Sunday, August 31, 2008

Road trip, part 1

Three weeks. Just the two of us. Just the two of us. Alone. In a car. For three weeks.


Oh, we knew this was coming. It's not like this had been thrust upon us: we'd been planning the road trip for months. Only now it was here, we'd made plans, we'd bought tickets to the music festival, we'd told everyone we were coming, we'd packed our bags and loaded up the car. It was too late to back out now.

So what if we got into a fight? We had a lot of driving to do; sitting in sullen silence in the passenger's seat of a car is hardly how I want to spend my vacation. We'd been going out for eight months at this point and not had any serious fights, but three weeks of long days of driving, camping, meeting new people -- that would tax anyone.

And then, of course, there was the judgment. I was meeting L's friends, L was meeting my friends and entire extended family (at once!). Of course, our friends and family are decent people and it would be silly to expect too much drama. But no matter what, that's a lot of time for both of us to keep our game face on.

So, with some trepidation, we started off our journey.

Our first few days were spent touring along the Pacific coast, courtesy of our good, slow, windy friend, the PCH. Starting off with a little bit of touristy camping seemed like a reasonable way to get things started.

L and I being us, of course, we decided to bypass the Hearst Castle for the somewhat less renowned Nitt Witt Ridge, a private residence constructed from the leavings of its more famous neighbor. It's a crazy, convoluted concoction of a house, with random knicknacks and gew-gaws slapped together in some semblance of order to construct a house. Sadly, we couldn't get a tour, and you'll have to make do with this picture taken from the roadside.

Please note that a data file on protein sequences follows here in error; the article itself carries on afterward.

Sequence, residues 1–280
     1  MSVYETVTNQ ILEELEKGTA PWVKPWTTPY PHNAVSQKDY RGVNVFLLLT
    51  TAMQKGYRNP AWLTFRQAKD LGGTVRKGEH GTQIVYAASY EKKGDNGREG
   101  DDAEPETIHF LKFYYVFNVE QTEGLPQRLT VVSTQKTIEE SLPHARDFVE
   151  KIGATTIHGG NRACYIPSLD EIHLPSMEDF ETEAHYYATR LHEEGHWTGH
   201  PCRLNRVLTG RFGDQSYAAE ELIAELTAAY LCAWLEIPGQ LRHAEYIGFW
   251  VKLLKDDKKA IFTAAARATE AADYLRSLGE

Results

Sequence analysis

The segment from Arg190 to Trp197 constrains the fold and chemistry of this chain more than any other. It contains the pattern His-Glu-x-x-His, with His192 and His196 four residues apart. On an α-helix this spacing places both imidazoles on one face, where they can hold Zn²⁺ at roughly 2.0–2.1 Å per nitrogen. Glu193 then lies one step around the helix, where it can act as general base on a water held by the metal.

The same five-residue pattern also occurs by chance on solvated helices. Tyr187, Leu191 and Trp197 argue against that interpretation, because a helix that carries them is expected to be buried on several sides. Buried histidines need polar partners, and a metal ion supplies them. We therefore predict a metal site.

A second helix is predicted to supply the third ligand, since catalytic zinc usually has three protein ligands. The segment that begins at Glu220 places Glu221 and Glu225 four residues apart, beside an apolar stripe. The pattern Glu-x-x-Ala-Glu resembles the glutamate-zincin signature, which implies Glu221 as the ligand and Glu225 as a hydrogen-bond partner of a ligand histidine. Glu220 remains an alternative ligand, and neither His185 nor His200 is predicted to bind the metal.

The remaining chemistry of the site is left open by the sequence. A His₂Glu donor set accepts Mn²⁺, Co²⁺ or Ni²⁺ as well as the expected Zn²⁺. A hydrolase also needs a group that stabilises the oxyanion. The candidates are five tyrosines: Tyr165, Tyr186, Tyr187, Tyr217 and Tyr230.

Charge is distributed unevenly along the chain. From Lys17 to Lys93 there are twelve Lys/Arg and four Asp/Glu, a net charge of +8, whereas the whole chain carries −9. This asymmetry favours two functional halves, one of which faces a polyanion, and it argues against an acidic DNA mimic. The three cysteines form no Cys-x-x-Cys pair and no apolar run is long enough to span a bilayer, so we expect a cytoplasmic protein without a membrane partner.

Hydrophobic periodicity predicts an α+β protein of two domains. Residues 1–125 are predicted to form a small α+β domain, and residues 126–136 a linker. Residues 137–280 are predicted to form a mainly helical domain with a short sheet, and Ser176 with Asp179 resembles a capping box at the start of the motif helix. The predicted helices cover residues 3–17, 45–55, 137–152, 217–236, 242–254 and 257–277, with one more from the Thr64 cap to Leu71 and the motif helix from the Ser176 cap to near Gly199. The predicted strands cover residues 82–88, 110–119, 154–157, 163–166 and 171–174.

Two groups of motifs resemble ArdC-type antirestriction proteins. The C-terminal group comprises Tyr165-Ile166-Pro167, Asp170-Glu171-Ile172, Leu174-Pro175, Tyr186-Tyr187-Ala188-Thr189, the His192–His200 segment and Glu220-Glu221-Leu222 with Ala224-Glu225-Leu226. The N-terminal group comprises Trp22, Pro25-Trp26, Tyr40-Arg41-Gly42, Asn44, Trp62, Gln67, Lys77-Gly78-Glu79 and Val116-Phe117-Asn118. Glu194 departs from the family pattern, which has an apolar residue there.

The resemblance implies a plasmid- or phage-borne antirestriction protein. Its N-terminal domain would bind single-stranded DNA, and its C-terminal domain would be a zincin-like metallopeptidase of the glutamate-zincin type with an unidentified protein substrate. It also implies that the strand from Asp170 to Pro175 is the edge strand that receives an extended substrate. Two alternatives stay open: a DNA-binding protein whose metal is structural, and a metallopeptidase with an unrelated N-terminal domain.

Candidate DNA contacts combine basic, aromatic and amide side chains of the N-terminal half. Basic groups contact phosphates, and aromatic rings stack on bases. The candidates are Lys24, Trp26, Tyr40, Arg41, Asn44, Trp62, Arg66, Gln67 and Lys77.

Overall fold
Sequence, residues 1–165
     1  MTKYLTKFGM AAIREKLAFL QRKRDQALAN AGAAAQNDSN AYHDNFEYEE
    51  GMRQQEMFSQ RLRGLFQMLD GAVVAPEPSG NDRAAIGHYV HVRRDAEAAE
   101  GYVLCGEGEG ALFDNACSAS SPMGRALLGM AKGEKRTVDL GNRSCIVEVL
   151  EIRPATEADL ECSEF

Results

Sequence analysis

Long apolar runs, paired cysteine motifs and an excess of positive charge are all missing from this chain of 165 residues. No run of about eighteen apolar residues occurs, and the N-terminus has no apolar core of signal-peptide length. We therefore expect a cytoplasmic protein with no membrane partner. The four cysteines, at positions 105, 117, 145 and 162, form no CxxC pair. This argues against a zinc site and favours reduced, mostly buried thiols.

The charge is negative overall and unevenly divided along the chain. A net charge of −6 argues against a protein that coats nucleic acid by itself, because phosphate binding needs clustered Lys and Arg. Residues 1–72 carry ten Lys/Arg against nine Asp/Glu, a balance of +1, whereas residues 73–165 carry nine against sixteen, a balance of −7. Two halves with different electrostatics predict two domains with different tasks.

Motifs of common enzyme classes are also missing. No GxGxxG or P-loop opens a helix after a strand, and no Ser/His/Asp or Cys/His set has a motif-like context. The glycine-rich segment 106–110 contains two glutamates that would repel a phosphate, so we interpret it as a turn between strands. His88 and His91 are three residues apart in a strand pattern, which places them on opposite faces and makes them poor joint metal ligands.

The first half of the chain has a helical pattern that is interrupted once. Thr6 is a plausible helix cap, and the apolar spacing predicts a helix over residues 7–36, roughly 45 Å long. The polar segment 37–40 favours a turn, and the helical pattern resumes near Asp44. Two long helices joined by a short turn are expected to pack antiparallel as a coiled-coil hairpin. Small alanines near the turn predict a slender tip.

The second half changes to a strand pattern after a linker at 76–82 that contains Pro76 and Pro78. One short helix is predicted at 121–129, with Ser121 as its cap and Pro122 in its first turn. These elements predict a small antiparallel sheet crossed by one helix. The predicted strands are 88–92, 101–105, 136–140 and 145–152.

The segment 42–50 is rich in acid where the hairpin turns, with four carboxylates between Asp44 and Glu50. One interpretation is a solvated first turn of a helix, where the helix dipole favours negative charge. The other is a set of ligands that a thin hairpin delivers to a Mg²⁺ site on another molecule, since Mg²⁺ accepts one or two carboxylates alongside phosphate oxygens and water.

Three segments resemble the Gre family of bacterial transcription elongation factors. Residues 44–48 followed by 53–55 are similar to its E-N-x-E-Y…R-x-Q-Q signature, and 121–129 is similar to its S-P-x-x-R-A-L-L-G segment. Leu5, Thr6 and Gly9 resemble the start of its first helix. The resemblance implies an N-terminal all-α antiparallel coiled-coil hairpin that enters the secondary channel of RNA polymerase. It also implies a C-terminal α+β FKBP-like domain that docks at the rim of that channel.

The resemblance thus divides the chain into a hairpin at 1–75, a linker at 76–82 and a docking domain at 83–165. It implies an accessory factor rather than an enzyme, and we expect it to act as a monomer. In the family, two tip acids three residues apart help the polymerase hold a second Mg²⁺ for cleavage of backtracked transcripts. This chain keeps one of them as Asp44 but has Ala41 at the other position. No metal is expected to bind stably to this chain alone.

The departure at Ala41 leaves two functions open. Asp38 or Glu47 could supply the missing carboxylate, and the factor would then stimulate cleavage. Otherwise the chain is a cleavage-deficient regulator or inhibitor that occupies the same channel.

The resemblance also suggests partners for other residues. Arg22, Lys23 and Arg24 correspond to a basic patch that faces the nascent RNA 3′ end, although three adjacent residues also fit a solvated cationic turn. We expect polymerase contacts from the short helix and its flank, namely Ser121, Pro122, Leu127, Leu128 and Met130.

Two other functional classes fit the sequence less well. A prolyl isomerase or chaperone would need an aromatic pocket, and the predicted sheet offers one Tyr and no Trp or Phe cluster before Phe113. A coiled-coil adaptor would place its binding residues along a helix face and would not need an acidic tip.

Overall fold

After a sadly poorly photo-documented couple of days exploring redwood forests and Berkeley, we found ourselves in the splendiferously cool Lassen Volcanic National Park. I don't really know what I was expecting out of a volcanic park. Lots of pumice, probably. But I got so much more than I was expecting.

Of course, there was just a lot of pretty scenery, like this delightful little waterfall we found after a short hike.

Mostly, I was happy to explore the magnificently named Bumpass Hell. A delightfully barren, ravaged piece of land, full of mudpits, sulfur plumes, and boiling lakes. The kind of place that has warning signs posted all around telling you that if you step off the walkways, you're pretty much guaranteed to die. Or at least lose your leg, as happened to poor Mr. Bumpass, the discoverer.

And, of course, when exploring strange forests, it's important to practice your tree impersonation so you can blend in with the natives. I've always found that candid photos work better than staged, and forests tend to be very suspicious and guarded if they know there are people around.

Our camouflage well-practiced, we headed down a hiking trail that felt like something out of Heidi. I damn well expected Shirley Temple to come traipsing down the path singing some godawful song about whatever-the-hell Heidi is actually about.

And then, finally, Crater Lake. Beautiful, stunning, gorgeous, blue Crater Lake.

And then, just like that, we were done with the easy part. A week in the car together, and L and I were still on speaking terms.

And then it was time to meet the family.

Tuesday, August 26, 2008


And how's your summer been going?

[Yeah, some of you already saw it on Facebook. Sorry for the dupe, you guys.]

Wednesday, August 20, 2008

Trouble at the beach

Remember: one day, this man could save your life.